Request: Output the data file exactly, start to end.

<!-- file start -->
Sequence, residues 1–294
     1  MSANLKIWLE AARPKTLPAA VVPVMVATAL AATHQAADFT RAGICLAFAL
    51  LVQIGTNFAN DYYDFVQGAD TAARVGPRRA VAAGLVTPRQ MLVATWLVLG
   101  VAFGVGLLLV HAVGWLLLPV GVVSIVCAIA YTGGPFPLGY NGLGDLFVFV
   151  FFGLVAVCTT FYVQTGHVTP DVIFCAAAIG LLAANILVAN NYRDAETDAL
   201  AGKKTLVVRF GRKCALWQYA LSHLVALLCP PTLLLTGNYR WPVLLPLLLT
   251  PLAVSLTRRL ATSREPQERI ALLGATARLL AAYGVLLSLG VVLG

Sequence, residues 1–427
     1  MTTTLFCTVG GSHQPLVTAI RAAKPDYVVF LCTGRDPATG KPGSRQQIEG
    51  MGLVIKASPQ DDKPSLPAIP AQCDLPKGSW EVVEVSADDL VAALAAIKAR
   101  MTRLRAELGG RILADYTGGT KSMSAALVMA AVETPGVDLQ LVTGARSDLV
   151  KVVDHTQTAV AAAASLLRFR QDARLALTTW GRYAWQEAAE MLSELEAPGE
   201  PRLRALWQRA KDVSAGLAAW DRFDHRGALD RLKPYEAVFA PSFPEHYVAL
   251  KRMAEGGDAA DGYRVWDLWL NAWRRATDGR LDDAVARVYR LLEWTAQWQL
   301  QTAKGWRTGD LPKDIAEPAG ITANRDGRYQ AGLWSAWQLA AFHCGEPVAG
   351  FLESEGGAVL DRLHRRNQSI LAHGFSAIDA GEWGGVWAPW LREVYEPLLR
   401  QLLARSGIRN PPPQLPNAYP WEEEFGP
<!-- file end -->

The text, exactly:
Sequence, residues 1–294
     1  MSANLKIWLE AARPKTLPAA VVPVMVATAL AATHQAADFT RAGICLAFAL
    51  LVQIGTNFAN DYYDFVQGAD TAARVGPRRA VAAGLVTPRQ MLVATWLVLG
   101  VAFGVGLLLV HAVGWLLLPV GVVSIVCAIA YTGGPFPLGY NGLGDLFVFV
   151  FFGLVAVCTT FYVQTGHVTP DVIFCAAAIG LLAANILVAN NYRDAETDAL
   201  AGKKTLVVRF GRKCALWQYA LSHLVALLCP PTLLLTGNYR WPVLLPLLLT
   251  PLAVSLTRRL ATSREPQERI ALLGATARLL AAYGVLLSLG VVLG

Sequence, residues 1–427
     1  MTTTLFCTVG GSHQPLVTAI RAAKPDYVVF LCTGRDPATG KPGSRQQIEG
    51  MGLVIKASPQ DDKPSLPAIP AQCDLPKGSW EVVEVSADDL VAALAAIKAR
   101  MTRLRAELGG RILADYTGGT KSMSAALVMA AVETPGVDLQ LVTGARSDLV
   151  KVVDHTQTAV AAAASLLRFR QDARLALTTW GRYAWQEAAE MLSELEAPGE
   201  PRLRALWQRA KDVSAGLAAW DRFDHRGALD RLKPYEAVFA PSFPEHYVAL
   251  KRMAEGGDAA DGYRVWDLWL NAWRRATDGR LDDAVARVYR LLEWTAQWQL
   301  QTAKGWRTGD LPKDIAEPAG ITANRDGRYQ AGLWSAWQLA AFHCGEPVAG
   351  FLESEGGAVL DRLHRRNQSI LAHGFSAIDA GEWGGVWAPW LREVYEPLLR
   401  QLLARSGIRN PPPQLPNAYP WEEEFGP